Industrial Zones: Because of custom operations, the raw leather requires and negative relation between environment and processes, firms competing in the sector are obliged to operate in industrial zones. Istanbul Tuzla Industrial Zone and Istanbul orlu Industrial Zone are perceived as two important centers. Formal data indicate that there are 13 leather industrial zones in Turkey, however, in consequence of insufficient supply in all over the world to run all of these industrial zones, a portion of them are known to work with idle capacity. On the other hand, because of environment pressure in Europe, countries such as France, Italy, and Spain drawback from tannery business, and Turkey has tried to fill the gap. Therefore, leather industrial zones with role model treatment facilities were built, and demands were supplied through replacing the newest technology.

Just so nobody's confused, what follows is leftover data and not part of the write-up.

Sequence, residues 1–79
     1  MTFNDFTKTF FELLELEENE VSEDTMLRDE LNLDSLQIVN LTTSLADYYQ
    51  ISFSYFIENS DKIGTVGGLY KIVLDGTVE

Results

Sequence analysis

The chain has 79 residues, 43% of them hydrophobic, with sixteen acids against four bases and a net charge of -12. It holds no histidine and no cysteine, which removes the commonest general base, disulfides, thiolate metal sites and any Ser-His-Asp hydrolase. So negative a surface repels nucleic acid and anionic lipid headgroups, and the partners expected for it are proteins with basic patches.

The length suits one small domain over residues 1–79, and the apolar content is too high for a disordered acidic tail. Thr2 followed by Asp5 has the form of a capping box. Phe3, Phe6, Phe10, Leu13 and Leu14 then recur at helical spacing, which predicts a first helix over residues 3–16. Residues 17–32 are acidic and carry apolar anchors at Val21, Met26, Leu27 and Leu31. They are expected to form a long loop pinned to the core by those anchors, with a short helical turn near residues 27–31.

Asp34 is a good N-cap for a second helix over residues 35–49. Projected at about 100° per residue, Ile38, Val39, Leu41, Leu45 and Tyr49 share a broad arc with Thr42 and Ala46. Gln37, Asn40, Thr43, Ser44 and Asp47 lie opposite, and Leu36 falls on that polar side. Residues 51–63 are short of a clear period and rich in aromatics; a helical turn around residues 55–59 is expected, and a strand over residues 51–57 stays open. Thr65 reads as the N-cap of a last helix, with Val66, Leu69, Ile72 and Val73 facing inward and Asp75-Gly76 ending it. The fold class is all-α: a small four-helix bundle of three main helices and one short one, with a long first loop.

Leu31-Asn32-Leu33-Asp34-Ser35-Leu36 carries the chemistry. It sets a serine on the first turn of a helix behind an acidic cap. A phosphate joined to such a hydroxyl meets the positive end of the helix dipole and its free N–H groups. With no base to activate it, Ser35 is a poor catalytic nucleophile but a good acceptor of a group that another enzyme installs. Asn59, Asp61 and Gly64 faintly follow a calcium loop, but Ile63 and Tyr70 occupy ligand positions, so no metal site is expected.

Logistics: Logistics, which plays a vital role in the transportation of product to market, is at an acceptable level in the most important capital of the sector, in Istanbul. Especially, land transport is the most important supporter for European market. Besides, export to countries along the Black Sea is done easily through seaway.

Slaughterhouses: Sector industrialists underline the fact that high quality raw material is required to produce high quality products, and they highlight the low quality of raw leather supplied from domestic market. Industrialists express that big farm lands should be established with the supervision of a veterinarian in order to provide high quality leather. It is also indicated that there must be slaughtering standards, and those farm lands must be kept under inspection. Moreover, problems in the storage of leather occur, and this process has not been standardized, yet.